April 02, 2020
It's hard to believe the humble origins of Dr. Marten's boots and shoes. The brand originally aimed to create a modest workwear shoe, something to be worn during gardening. Today the boots and shoes would feel more familiar at a music festival or gig, than in the garden.
Dr. Marten's has a strong appeal to individuals after footwear that reflects their unique style and attitude. The simple silhouettes of the boots and shoes mean they can easily be incorporated into the wearer's personal style.
The brand is known for its hard-wearing durability. Durability was the focus of the company right from the very beginning. In the small town of Wollaston, Northamptonshire the Griggs family in 1901 founded a footwear company that became known for its sturdy, durable, and British made boots.
The iconic air-cushioned sole and the first Dr. Marten boot
The Grigg family kept their business running through the generations. Third-generation co-owner Bill Grigg noticed in a shoe trade magazine a unique post-war German invention, an innovative air-cushioned sole that moved away from the traditional hard leather sole. Bill Grigg along with brothers Ray, Colin, and son Max acquired the patent license in the 1960s. Several subtle changes were made when incorporating the new sole to the footwear. Changes included an altered heel, a simple upper, unique yellow stitching, a two-tone grooved sole edge, and a new sole pattern. These new eight- hooked boots were branded as ‘Airwair’. They also featured a distinctive black and yellow heel loop with the brand name and the slogan “With Bouncing Soles”. The iconic 1460 Dr. Martens boot had arrived.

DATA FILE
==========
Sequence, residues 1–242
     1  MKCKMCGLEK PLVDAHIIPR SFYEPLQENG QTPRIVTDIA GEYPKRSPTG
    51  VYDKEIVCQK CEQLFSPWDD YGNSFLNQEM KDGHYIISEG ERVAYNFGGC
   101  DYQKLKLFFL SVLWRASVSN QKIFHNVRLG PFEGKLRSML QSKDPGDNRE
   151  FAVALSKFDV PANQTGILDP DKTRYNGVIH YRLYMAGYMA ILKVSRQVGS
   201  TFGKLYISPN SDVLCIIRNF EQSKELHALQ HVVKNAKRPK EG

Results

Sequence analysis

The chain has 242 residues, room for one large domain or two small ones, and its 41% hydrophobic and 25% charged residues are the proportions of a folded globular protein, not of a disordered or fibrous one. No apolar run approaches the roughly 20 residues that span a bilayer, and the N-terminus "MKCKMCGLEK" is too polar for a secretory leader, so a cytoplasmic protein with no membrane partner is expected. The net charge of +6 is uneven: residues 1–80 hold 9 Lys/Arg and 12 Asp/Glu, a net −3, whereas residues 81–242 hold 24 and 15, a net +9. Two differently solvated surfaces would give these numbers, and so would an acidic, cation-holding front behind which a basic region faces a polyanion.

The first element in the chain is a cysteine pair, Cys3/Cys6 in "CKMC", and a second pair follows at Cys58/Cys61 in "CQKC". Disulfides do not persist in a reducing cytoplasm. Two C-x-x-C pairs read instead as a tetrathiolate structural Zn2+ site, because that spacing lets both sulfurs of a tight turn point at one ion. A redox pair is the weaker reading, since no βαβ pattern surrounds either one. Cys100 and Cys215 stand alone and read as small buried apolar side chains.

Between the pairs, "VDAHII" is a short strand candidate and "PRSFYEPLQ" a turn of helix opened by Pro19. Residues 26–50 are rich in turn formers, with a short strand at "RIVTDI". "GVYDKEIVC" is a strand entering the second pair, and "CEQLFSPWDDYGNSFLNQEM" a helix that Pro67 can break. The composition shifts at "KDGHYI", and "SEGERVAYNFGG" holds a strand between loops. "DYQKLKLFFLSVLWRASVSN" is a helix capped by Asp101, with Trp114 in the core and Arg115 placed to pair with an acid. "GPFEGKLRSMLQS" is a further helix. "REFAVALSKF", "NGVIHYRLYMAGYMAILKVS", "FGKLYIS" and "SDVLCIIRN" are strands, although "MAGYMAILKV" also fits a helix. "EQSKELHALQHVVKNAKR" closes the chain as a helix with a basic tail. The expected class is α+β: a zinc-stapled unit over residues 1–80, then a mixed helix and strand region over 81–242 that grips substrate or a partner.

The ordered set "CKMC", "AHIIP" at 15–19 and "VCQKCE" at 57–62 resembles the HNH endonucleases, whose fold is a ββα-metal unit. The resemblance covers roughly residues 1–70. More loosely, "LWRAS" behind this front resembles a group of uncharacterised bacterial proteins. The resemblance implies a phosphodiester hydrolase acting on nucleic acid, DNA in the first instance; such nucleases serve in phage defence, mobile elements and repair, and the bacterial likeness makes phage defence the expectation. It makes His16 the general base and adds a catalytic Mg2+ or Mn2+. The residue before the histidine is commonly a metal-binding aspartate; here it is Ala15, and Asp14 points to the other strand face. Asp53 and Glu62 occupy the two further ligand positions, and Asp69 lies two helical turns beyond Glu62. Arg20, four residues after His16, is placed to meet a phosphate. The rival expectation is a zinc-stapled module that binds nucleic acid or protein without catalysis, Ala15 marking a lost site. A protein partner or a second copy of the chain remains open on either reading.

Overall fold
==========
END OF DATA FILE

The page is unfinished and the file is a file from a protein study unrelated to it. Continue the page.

The 60s and 70s
The new Dr. Marten boots seemed a little at odds with the 1960s colourful and extravagant fashion scene and initially worn by postmen and factory workers. The company was selling good numbers of their well-priced boots to the British working class.
Then very unexpectedly Dr. Martens boots started being worn by early multi-cultural, ska-loving skinheads. A subculture that proudly championed British working-class style. When Pete Townshend of punk band The Who started to wear them the brand fully shifted from a working-class shoe to a symbol of a rebellious spirit and subculture.
The 80s and 90s
Punk, Two Tone and goth subcultures all incorporated Dr. Marten's boots into their wardrobes. Girls started to wear them too, buying smaller men's sizes.
Dr. Marten's brand started to reach the States with US hardcore bands that toured Britain returning with the footwear.
Music and Dr. Martens
The music of tribes who wear Dr. Martens has become synonymous with the brand.Dr. Marten's authenticity and history keep the brand relevant to individuals, fans, and subcultures today.
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